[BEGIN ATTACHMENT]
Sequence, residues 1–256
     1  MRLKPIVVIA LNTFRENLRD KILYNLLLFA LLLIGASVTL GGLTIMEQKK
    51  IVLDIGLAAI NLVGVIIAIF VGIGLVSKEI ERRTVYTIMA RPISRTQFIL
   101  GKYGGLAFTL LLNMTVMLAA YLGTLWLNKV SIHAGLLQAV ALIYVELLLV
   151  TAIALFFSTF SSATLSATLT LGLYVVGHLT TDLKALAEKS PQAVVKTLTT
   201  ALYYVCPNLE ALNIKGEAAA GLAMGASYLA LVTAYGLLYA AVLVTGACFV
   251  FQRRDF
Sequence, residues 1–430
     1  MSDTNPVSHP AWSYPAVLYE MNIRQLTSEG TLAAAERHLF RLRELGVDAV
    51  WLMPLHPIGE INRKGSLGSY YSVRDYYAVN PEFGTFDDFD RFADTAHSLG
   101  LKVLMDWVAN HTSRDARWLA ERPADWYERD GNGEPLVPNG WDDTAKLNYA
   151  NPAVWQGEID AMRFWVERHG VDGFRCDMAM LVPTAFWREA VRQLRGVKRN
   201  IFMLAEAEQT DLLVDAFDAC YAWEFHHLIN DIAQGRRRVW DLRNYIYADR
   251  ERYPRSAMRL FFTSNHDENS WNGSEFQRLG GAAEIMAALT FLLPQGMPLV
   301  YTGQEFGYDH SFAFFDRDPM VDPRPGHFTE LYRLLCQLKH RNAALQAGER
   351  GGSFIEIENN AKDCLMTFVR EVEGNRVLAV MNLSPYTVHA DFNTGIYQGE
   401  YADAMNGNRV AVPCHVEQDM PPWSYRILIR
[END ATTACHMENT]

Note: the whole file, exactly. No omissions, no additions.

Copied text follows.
Sequence, residues 1–256
     1  MRLKPIVVIA LNTFRENLRD KILYNLLLFA LLLIGASVTL GGLTIMEQKK
    51  IVLDIGLAAI NLVGVIIAIF VGIGLVSKEI ERRTVYTIMA RPISRTQFIL
   101  GKYGGLAFTL LLNMTVMLAA YLGTLWLNKV SIHAGLLQAV ALIYVELLLV
   151  TAIALFFSTF SSATLSATLT LGLYVVGHLT TDLKALAEKS PQAVVKTLTT
   201  ALYYVCPNLE ALNIKGEAAA GLAMGASYLA LVTAYGLLYA AVLVTGACFV
   251  FQRRDF
Sequence, residues 1–430
     1  MSDTNPVSHP AWSYPAVLYE MNIRQLTSEG TLAAAERHLF RLRELGVDAV
    51  WLMPLHPIGE INRKGSLGSY YSVRDYYAVN PEFGTFDDFD RFADTAHSLG
   101  LKVLMDWVAN HTSRDARWLA ERPADWYERD GNGEPLVPNG WDDTAKLNYA
   151  NPAVWQGEID AMRFWVERHG VDGFRCDMAM LVPTAFWREA VRQLRGVKRN
   201  IFMLAEAEQT DLLVDAFDAC YAWEFHHLIN DIAQGRRRVW DLRNYIYADR
   251  ERYPRSAMRL FFTSNHDENS WNGSEFQRLG GAAEIMAALT FLLPQGMPLV
   301  YTGQEFGYDH SFAFFDRDPM VDPRPGHFTE LYRLLCQLKH RNAALQAGER
   351  GGSFIEIENN AKDCLMTFVR EVEGNRVLAV MNLSPYTVHA DFNTGIYQGE
   401  YADAMNGNRV AVPCHVEQDM PPWSYRILIR